Major US hubs must invest in cargo or lose it permanently to smaller airports
The pandemic threw airfreight patterns into reverse – and now large forwarders are considering making ...
Airlines must change their strategic approach to cargo, or they will lose high-yield traffic and be reduced to commoditised business, warns Stan Wraight, former air cargo executive now president & CEO of Strategic Aviation Solutions International.
If carriers want to avoid a repeat of the loss of the express business to the integrators, they have to play to their strengths and offer a product the market wants, he says.
“Airlines have got to be on the value side,” he stressed.
The shortage of belly capacity has sent airfreight rates soaring and pushed airline yields to record levels, but the return to an equilibrium should re-establish the historic trend of declining yields.
There are opportunities for growth, notably the explosive momentum of e-commerce, but airlines are not equipped to take advantage of these, despite their natural advantage, argues Mr Wraight.
In the express segment, the integrators have stolen the march on airlines –although the latter have a time advantage. Flying direct between points, they can offer transit times that are impossible for any competitor, be it integrator or e-commerce behemoth like Amazon, to match. If they positioned themselves to take full advantage of this, they could charge significantly higher rates, said Mr Wraight.
Where they fall behind is on the ground, owing to fragmented and poorly organised processes that fritter away this time advantage. This stands and falls with the airline-handler relationship, he believes.
For the most part, handlers have been regarded as levers to reduce costs, rather than partners to create value and speed-up flows. Typically, the integrators’ handling costs are about two to four times what the airlines are paying, Mr Wraight said.
If a carrier concentrated on high-margin business and charged accordingly, the elevated yields would allow it to reward the handler adequately and still make a larger profit than today, he argued.
“You have to have ground services equal to, or better than, Amazon, UPS etc. Help the handler invest in equipment and processes. Or self-handle. You need dedicated staff, dedicated doors and to get customs brokerage. Organise your ground services to process your cargo within hours, not within days,” he said.
To do that, a second vital element has to come into play: a more fluid and faster flow of data. With all manifest information and other relevant details transmitted in advance, the station at the receiving end can deploy its resources adequately, have sufficient staff ready to receive the cargo and set up a truck slot for pick-up.
Mr Wraight regards the nascent concept of data corridors as the most promising conduit for this. While individual operators can establish fast one-to-one flows, he finds a better way would be via cargo community systems (CCSs), which have been gaining traction in recent months.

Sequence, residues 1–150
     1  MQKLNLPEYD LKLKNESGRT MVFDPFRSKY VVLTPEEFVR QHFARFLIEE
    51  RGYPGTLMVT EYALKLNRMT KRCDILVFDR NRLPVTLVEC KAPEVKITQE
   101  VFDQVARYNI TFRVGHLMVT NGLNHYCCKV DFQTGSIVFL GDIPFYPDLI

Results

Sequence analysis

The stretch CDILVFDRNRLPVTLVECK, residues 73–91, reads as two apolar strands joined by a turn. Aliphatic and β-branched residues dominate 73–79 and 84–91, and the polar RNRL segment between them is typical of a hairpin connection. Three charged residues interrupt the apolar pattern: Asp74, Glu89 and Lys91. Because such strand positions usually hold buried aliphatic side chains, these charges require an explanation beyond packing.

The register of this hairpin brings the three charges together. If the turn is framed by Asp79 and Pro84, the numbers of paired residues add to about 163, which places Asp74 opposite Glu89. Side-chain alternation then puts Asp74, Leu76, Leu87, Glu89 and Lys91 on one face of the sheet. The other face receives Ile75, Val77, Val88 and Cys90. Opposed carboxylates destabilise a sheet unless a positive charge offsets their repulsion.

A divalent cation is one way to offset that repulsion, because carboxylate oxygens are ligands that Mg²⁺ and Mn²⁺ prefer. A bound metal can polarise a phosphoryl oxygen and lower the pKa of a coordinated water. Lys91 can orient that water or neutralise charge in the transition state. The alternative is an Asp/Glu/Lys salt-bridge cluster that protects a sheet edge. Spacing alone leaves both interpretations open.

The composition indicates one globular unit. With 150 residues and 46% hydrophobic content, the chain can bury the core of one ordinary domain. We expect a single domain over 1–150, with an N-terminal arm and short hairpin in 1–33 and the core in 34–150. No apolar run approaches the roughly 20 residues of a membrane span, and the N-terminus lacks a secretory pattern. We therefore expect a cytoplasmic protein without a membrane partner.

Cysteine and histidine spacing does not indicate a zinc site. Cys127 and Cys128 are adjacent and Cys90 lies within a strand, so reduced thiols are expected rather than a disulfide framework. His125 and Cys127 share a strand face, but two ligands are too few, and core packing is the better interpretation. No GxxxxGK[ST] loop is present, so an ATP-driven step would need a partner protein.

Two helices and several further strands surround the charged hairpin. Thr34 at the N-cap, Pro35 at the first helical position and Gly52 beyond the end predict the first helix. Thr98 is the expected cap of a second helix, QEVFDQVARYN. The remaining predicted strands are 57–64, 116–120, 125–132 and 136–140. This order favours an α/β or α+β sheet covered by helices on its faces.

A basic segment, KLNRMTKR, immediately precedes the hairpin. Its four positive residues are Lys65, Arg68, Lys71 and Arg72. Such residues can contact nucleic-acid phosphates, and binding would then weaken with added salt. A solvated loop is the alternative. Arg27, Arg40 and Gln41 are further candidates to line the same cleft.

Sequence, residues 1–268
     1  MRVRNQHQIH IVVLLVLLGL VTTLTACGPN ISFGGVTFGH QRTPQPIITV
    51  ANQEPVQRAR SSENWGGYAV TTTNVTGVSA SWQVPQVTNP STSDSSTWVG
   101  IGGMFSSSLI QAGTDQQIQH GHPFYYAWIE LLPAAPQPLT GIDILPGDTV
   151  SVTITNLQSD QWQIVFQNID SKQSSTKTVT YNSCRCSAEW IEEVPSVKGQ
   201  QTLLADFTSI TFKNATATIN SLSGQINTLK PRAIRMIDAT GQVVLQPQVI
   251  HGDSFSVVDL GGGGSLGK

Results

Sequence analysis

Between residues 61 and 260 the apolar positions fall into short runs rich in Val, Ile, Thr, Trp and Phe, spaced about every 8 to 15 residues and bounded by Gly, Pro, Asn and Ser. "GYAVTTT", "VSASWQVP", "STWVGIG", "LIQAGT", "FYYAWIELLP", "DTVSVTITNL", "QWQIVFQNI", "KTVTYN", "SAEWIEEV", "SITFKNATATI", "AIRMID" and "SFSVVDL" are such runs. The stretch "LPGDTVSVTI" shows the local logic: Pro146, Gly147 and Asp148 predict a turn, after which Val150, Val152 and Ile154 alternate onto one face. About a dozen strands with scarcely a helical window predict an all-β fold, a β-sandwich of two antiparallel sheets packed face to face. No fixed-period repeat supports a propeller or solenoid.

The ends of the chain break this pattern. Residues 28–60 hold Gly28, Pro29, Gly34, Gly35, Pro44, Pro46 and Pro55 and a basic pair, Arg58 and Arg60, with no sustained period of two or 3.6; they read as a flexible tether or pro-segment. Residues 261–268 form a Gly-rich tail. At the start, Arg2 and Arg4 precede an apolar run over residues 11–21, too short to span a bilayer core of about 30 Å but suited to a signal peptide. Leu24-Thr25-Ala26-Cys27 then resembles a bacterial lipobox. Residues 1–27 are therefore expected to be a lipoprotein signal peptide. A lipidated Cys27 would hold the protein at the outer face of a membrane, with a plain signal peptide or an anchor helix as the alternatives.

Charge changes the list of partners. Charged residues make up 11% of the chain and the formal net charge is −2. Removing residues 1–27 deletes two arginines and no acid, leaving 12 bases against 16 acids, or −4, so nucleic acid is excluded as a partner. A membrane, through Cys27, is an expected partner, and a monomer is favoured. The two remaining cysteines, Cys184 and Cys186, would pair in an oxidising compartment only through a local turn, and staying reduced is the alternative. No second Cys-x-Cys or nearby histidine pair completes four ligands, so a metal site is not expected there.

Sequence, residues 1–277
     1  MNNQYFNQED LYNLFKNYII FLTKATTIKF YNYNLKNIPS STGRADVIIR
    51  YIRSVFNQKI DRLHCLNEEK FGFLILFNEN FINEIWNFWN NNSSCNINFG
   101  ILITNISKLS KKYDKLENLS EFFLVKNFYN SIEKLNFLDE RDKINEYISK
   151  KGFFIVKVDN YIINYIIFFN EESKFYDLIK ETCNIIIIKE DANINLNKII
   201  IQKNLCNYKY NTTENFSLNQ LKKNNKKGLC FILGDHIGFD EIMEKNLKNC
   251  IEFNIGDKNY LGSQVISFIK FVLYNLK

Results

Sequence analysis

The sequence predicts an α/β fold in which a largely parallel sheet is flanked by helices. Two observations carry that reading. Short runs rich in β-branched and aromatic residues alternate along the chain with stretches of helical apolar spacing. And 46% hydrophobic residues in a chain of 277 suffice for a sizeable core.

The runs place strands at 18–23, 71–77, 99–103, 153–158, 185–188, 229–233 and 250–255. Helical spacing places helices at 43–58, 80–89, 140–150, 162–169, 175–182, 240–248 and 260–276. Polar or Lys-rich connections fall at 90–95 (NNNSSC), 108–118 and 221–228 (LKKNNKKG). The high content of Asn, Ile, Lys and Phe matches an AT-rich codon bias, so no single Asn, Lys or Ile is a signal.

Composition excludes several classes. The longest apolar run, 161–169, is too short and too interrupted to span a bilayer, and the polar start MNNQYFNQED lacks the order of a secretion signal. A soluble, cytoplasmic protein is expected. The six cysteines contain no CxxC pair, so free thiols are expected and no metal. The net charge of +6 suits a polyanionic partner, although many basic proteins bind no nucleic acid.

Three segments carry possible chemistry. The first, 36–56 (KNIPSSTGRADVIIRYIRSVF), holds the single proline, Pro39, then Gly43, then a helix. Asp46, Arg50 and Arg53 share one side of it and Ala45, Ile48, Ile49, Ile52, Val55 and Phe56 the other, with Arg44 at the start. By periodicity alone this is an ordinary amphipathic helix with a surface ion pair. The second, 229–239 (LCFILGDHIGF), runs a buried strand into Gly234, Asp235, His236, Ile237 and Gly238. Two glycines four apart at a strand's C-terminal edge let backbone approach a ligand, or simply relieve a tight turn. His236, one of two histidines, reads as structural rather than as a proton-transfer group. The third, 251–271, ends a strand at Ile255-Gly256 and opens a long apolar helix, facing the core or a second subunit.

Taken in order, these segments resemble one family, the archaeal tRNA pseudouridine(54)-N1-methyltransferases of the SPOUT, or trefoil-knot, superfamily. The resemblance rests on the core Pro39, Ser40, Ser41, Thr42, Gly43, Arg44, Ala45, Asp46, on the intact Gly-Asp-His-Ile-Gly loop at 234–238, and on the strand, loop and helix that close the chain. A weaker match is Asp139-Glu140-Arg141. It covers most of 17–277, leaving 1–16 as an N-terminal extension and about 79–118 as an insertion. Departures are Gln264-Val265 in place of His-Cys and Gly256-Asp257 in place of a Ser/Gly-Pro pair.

“You can have an e-tailer in Hong Kong hooked into the CCS there, the trucker picks up the shipment and enters that into the CCS; the handler scans it in at arrival and it all goes into the CCS, including the ambient temperature and other relevant information. And you can replicate the process at the other airport.
“If you prepare, you know what’s coming. There are no surprises. You can plan in advance,” he said.
This can be applied to virtually all high-yield cargo, and the faster transits would render fancy and costly set-ups for special products largely irrelevant, because the cargo would not dwell at the airport, he said.
Moreover, the infrastructure created to handle the high-yield traffic would also go some way toward reducing the cost of handling general freight, he added.
If this is the holy grail for non-stop point-to-point connections, what about transit cargo? Mr Wraight said it was a matter of having a clear understanding of the target market.
“If you compete with non-stop, or with a train, you’d better identify what markets you compete in. You’re probably in the 48-72-hour market, which works for certain commodities and customers.
“In any case, you should start handling transits the same way you handle passenger baggage. For that you need complete transparency. That’ll allow you to do things like arranging planes to be parked next to each other at the gate,” he said.
In his eyes, the alternative is dire. Remaining focused on commoditised business is not really an option for many airlines, he noted. He pointed to a large European carrier which generated about 80% of its profit from Asian trade a few years ago. This business is being eroded by improved offerings from rail, trucking and ocean transport providers.
Mr Wraight’s strategy is convincing, but it faces a significant obstacle to adoption. At most passenger airlines, cargo is relegated to the lower echelons of the organisation and struggles to find an ear at the top.
“Cargo needs a seat on the board,” he said.
Today, we also publish a tribute from Mr Wraight to Boubby Grin, former head of strategy at KLM Cargo, who passed away last week, the founder of many of these initial ideas.